Sermon delivered on March 26, 2017 at First Reformed Church in Edgerton, MN.
Sermon delivered in Edgerton, MN on March 19, 2017 at First Reformed Church.
Sermon delivered at First Reformed Church in Edgerton, MN on May 12, 2017
Sermon delivered on March 5, 2017 at First Reformed Church in Edgerton, MN
Holiness is a word that I did not initially have on my list of words to feature as "Bible Vocab". I thought that it was a word that was pretty easy to understand. While I think most of us have a concept of what the word holiness means, do we really grasp it? Do we really understand the scope of it? These thoughts came to mind as I was preparing the sermon for February 19, 2017 and read Leviticus 19:2 where it says "Be holy because I, the LORD your God, am holy". Preparing a sermon on this really caused me to ponder what exactly the word holiness means.
As part of the sermon preparation process I looked up the word holy in English dictionaries and Bible dictionaries. The idea of purity and righteousness was in those definitions but what I found to be most important in the definitions was the idea of being set apart. When we think about the idea of God's holiness and righteousness it is so much deeper than our human understanding of holiness. If we were to see someone as holy we would think that they had kept certain rules or that they were more "spiritual" than other people. While that may be accurate it only begins to scratch the surface of what holiness is.
The concept of God can be difficult for us. We cannot even begin to fathom his vastness and his majesty. We have a hard enough time fathoming back to the founding of our country much less understanding a God who is eternal and without beginning or end. Grasping the distance from sea to shining sea in the United States is difficult to get our minds around. How much more difficult it is to even begin to understand the distance to the stars in the night sky. Just like our limited understanding of time or distance we also have a truly limited understanding of God's holiness. We can fathom someone who is morally strong but the idea of perfect holiness is truly out of our grasp. God is perfect in every way. He does not lie. He speaks and it is truth. That is just the beginning of it though. Humans can surely keep the commands of God but often we succumb to tempation. Even if we don't act out some of the sins we are tempted with we often succumb to the temptations in our minds. That is not the case with God. He is pure, holy, and just all the time. He is completely other and set apart from creation by his holiness.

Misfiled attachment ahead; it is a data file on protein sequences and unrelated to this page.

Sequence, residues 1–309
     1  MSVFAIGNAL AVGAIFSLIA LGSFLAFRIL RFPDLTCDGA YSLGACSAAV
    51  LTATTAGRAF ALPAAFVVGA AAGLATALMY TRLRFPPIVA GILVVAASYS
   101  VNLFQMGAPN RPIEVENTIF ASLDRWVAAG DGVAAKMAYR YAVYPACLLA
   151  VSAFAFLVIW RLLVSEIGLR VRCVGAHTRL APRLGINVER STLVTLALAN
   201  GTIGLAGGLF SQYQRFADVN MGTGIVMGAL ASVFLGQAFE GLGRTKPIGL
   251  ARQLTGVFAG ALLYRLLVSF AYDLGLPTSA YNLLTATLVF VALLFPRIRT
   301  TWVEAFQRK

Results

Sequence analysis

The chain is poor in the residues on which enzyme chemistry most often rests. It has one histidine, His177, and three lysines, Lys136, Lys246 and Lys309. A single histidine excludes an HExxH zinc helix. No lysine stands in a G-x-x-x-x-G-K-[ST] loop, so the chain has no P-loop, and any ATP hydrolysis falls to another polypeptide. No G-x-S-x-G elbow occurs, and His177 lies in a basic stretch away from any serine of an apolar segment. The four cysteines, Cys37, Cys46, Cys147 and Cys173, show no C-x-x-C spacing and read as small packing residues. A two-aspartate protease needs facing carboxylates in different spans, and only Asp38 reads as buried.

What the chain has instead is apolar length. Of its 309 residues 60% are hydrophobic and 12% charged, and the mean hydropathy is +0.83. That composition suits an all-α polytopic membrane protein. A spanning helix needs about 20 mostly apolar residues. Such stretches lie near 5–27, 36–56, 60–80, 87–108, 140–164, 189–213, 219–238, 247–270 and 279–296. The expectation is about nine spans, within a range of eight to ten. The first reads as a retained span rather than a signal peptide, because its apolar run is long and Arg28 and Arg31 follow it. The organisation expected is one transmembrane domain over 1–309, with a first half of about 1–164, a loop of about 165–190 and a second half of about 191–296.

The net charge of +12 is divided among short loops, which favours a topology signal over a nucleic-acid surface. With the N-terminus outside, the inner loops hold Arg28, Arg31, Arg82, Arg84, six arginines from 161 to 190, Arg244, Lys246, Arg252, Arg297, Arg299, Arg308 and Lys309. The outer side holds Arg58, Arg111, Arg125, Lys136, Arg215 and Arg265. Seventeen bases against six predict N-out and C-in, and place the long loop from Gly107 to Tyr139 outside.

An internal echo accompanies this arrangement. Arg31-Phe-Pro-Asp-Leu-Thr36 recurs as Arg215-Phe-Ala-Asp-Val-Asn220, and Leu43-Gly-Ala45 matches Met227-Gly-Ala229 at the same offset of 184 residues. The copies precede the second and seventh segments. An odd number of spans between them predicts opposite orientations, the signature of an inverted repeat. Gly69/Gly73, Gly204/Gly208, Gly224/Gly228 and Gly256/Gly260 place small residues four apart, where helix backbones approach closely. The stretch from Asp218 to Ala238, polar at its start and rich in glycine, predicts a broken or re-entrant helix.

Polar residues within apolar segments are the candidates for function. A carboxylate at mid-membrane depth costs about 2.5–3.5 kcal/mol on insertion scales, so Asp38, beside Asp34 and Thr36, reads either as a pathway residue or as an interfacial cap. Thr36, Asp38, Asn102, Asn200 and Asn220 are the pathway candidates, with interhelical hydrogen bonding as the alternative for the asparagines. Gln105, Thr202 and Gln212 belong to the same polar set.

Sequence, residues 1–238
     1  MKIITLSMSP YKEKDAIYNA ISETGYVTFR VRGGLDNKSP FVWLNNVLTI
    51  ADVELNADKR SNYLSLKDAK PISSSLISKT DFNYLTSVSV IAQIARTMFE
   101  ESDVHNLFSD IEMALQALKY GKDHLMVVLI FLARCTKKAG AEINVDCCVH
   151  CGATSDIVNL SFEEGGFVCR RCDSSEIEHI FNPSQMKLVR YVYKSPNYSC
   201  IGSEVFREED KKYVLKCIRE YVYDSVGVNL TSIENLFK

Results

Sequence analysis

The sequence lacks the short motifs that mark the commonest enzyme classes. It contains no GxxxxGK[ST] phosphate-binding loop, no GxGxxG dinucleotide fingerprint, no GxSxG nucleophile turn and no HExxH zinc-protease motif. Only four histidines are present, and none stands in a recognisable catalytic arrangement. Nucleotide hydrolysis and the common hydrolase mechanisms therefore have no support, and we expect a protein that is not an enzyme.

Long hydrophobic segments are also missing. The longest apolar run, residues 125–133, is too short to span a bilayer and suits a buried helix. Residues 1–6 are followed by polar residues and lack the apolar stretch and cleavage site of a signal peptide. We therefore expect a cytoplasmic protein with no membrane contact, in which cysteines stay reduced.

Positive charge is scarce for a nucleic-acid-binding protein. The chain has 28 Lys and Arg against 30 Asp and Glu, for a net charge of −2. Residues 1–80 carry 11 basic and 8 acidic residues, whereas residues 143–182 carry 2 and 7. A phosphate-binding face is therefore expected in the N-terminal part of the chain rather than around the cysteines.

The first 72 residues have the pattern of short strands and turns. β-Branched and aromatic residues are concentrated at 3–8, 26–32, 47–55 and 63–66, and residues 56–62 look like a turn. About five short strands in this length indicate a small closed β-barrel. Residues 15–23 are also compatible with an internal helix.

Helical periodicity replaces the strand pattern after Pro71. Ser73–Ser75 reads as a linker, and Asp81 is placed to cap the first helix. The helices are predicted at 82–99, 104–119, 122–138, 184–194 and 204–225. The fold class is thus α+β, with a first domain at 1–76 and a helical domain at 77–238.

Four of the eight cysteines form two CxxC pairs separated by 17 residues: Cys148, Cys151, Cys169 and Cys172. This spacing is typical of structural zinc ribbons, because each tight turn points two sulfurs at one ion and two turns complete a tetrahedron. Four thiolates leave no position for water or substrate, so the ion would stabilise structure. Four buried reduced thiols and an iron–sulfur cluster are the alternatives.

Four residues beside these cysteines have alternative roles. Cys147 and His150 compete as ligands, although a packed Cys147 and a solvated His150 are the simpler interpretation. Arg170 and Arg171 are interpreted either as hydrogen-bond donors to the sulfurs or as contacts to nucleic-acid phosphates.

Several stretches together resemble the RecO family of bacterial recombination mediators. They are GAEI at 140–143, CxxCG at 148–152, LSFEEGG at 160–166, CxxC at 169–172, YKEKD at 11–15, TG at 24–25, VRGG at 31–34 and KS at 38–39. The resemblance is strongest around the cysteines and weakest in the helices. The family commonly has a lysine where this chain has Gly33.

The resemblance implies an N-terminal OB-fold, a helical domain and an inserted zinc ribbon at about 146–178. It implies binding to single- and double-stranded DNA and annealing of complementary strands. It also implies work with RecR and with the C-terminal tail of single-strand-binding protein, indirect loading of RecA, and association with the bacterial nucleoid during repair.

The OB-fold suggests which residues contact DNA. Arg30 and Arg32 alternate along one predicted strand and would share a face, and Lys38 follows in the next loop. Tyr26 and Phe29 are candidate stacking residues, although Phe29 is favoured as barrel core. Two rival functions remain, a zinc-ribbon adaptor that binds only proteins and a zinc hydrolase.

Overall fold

This is both good and bad for us. It is good because that is the kind of God that we want to serve. We do not want a god who is like the tempermental and flawed gods of mythology. A God who is without blemish is how God should be, but that is also a bad thing for us. He is holy and I am not. I am a sinner. I don't deserve to be in the presence of God because my sin is an affront to his perfect holiness. If I were to be in the presence of God as a sinner I would be undone just like Isaiah was. In Isaiah chapter 6 we read about Isaiah being taken into the presence of God. He responds by saying "Woe is me! For I am lost; for I am a man of unclean lips, and I dwell in the midst of a people of unclean lips; for my eyes have seen the King, the LORD of hosts!" Isaiah understood that God was holy and he was not. He was shaken by the complete holiness of God. In order for Isaiah to be in the presence of God, he needed to be made clean by God. A coal from the fire comes and touches his lips and makes his unclean lips clean.
God and his holiness is what drives us to Jesus Christ. Just like Isaiah we are a people that is unclean and we cannot be in the presence of God without being undone. Jesus took on our flesh and he lived the holy life that we could not live because we were born dead in trespasses and sin. He bore the wrath of God for our sin and we receive perfect righteousness by faith. Because of the work of Jesus for us we are not just forgiven and given a clean slate as though we have never sinned. Instead it is as if we have never sinned AND as if we had perfectly kept the law of God. That is the great exchange and that is why we can say that we are holy as Christians. It isn't a cause to brag because it isn't our righteousness at all. It is Christ's.
This is not a reason for us to go off and do whatever we want. Instead it drives us to be holy ourselves because of what God has done for us in Jesus. We strive to keep God's commands because he has saved me and declared me righteous. That is the proper way to understand our drive for personal holiness. It is living our life in light of God's gifts instead of hoping our good works will earn God's gifts. It isn't a magic formula. Holiness is hard work but you can work on your holiness and personal sanctification knowing that you have received God's gifts in Christ. Your salvation is secure and isn't dependent on you. That is the freedom we have in Christ. The freedom to live a life of holiness knowing we have been declared righteous on account of the work of Jesus for us. That holiness drives us to holy lives.